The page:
Welcome back, The Face
A view from Simon Kanter

Welcome back, The Face

Can Stuart Brumfitt do something special and unusual and make it relevant?

On a shelf at home in the lounge, the third one up from the floor, pride of place goes to my back issues of The Face. It’s a pretty good collection and includes the famous "3rd Summer of Love" issue, which featured 16-year-old Kate Moss from Croydon, photographed by Corinne Day and destined to become the "personification of a youthquake".

There’s the classic Neville Brody issues, a gift from former ad director Rod Sopp, the musical cultural mash of Manic Street Preachers, The Simpsons, Madonna, Damon Albarn and Lara Croft. The genius of editor and creator Nick Logan was making something so cool and edgy and street, and yet so populist and mainstream at the same time. Of course he did. He invented Smash Hits.

So it was with a mix of trepidation and anticipation that I hauled the 314-page rebirthed mag off a shelf in WHSmiths, parted with £9.95 and scurried off back to the office, wondering if editor Stuart Brumfitt could do something very special and unusual, reinvent an icon and make it work and make it relevant.

The answer is probably not a resounding "yes", but there are lots to commend in this first effort.

First and foremost, a bunch of people have remembered how special and unique a loved and crafted magazine can be. In an age when print is supposed to be twitching in the dirt, I take my hat off to anyone who thumbs their nose at this popular assumption.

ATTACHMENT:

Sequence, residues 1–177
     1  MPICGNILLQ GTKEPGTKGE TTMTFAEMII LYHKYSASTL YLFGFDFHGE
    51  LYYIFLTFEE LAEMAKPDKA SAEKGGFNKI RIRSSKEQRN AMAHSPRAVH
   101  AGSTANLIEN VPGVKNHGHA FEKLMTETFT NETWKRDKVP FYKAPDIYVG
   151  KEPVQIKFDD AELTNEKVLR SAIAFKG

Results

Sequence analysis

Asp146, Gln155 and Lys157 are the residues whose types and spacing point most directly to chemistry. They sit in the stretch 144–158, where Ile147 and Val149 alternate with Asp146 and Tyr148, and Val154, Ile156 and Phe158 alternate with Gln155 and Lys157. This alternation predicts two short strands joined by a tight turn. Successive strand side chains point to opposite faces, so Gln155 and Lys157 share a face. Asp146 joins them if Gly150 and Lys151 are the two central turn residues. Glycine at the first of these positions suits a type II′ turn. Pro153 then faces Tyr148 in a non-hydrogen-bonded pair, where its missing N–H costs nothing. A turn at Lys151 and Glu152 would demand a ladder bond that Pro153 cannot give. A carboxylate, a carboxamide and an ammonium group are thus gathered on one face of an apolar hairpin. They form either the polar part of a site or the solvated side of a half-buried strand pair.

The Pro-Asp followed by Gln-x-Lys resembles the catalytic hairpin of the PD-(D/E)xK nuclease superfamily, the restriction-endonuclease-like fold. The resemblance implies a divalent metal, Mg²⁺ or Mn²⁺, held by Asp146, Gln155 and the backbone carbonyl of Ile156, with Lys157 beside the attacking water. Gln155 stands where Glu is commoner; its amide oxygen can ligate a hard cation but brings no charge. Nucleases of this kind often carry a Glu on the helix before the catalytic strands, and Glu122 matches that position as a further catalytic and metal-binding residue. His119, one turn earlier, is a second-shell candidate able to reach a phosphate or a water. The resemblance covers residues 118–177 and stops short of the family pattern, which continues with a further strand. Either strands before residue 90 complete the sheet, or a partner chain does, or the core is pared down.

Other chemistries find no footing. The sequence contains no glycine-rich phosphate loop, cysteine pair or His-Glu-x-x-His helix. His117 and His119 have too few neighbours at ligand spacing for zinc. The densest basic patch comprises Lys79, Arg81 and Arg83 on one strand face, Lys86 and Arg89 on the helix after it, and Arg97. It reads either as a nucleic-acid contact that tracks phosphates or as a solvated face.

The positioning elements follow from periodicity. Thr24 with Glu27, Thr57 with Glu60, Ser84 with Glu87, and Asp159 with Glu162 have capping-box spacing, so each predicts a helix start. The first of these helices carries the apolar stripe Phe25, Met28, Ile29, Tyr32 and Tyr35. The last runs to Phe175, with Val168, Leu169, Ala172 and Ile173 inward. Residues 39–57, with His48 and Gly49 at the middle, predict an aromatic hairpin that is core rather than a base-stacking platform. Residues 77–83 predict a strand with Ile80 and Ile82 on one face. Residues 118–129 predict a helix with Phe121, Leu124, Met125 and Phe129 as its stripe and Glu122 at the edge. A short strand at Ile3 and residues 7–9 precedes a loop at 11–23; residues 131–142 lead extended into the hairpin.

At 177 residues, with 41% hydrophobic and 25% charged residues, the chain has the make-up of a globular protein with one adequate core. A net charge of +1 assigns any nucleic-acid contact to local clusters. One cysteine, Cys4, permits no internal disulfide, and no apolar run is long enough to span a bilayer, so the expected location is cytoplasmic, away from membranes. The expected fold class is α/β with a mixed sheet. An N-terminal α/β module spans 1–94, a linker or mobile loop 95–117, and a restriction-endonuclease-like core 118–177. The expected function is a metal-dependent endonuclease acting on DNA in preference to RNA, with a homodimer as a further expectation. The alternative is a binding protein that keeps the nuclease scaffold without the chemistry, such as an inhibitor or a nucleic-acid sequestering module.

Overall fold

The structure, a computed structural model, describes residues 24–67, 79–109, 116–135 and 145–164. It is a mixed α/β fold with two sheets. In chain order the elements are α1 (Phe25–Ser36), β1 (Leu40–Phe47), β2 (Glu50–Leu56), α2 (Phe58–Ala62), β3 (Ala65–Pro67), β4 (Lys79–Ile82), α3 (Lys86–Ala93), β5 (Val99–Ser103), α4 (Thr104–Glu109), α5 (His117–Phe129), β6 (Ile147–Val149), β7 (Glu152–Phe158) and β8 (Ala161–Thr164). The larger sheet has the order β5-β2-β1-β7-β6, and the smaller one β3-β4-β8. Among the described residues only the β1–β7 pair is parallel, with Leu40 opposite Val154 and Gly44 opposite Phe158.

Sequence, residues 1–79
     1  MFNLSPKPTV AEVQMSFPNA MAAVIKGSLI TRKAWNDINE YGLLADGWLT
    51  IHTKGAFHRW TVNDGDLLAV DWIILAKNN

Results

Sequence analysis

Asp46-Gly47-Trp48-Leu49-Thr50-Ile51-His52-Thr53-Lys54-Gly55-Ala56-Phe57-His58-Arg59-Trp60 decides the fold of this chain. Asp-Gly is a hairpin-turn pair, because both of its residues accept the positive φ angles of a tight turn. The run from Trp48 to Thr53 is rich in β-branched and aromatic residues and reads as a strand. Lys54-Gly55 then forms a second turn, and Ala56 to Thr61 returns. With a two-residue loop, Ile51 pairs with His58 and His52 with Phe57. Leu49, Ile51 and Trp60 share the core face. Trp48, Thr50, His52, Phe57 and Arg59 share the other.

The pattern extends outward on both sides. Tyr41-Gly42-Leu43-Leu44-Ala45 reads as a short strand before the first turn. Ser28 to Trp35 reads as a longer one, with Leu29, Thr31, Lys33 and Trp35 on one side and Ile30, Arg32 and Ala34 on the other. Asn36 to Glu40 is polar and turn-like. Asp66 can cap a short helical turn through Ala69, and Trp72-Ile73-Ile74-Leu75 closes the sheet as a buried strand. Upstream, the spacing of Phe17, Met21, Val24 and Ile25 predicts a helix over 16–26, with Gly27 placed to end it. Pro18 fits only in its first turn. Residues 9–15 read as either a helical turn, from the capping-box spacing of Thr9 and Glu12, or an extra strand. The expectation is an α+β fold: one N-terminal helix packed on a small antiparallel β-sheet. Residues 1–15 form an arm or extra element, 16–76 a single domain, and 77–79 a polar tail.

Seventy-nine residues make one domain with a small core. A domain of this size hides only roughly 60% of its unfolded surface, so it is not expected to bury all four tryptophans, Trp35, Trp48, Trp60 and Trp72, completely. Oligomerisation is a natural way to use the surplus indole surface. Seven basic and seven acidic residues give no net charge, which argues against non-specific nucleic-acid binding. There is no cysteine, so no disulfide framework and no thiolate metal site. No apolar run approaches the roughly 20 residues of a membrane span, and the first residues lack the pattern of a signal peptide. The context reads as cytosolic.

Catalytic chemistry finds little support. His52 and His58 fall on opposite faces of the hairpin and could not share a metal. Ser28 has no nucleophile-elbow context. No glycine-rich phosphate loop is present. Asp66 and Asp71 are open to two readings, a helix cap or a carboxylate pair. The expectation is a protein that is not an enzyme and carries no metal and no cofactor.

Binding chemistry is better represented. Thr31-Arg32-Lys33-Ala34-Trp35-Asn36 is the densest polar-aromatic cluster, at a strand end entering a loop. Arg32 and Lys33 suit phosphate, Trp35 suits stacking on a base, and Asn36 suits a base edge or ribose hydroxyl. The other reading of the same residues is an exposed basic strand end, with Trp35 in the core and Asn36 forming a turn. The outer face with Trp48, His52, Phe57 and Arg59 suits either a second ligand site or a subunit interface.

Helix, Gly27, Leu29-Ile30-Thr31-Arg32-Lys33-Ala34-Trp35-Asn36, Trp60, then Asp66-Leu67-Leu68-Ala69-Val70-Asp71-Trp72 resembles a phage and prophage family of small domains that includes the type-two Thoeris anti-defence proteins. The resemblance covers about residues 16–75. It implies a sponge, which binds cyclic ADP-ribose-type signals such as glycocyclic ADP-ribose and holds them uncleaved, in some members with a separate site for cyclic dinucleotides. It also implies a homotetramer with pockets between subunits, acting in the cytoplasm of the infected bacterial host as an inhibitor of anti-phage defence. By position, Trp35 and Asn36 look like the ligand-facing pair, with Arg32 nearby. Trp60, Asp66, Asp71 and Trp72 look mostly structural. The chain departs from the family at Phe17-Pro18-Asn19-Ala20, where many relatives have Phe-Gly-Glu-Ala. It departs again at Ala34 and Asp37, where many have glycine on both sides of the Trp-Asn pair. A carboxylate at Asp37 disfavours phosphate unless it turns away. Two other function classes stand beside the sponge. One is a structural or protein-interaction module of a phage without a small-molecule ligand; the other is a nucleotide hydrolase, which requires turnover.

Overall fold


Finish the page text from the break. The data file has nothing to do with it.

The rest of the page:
The Face in its reincarnation is The Face, no question. There are many DNA nods, a clever mix of grungy street feel, eclectic musical choices, mainstream heroes such as Dua Lipa and Harry Styles, and soap icon Coronation Street. And then there’s the typography. From the moment Brody set his stall out to build a different-looking, more urgent and aesthetically challenging magazine in 1980, The Face has always been that title that magazine makers love to emulate.

Brumfitt’s The Face has some lovely typographical moments, not least the quirky front section red-on-white swirl of lists and news bites. It does what The Face always did so well: it forces you to stay on a page and consider the content.

With its heft and beautifully shot fashion features, The Face belongs in that pack of influencer mags such as Love, Pop, Purple, Dazed and AnOther. It succeeds both in being part of this set and apart from it at the same time.

There are some really nice feature ideas, my favourite being the story of 18-year-old driven wannabe Mars mission astronaut Alyssa Carson. "At home with the Baileys" is a smart way to mix cool dudes with mainstream culture and diversity issues; Coronation Street’s first black family in 59 years is moving into number three. Also, the Styles "love story", the adoration of Stevie Nicks, Sir Elton John and Alessandro Michele, ladled with super-cool fashion shots and pithy notions of masculinity and femininity, feels on point.

On the downside, there’s a blandness in some of the heads and sells, and a tendency to label features in a way that feels lazy. Breaking out of the conventions of indie fashion mags is not easy and The Face clearly needs to fit the genre in order to find an audience ready to part with a tenner for the privilege of owning it.

An older generation of first-generation Face readers may also find this an awkward compromise. Because however much it resembles The Face of their fond memory, it also lacks a little of the sparkle and originality of the Logan brand.

But I’m not going to carp too much. Brumfitt has made a pretty decent fist of this first effort and it will mature and find its feet as it goes along. I say power to his elbow. There’s a love at work here and so, fingers crossed, it is able to grow and mature and become part of the lingua franca of the next generation.

Simon Kanter is creative director at Campaign

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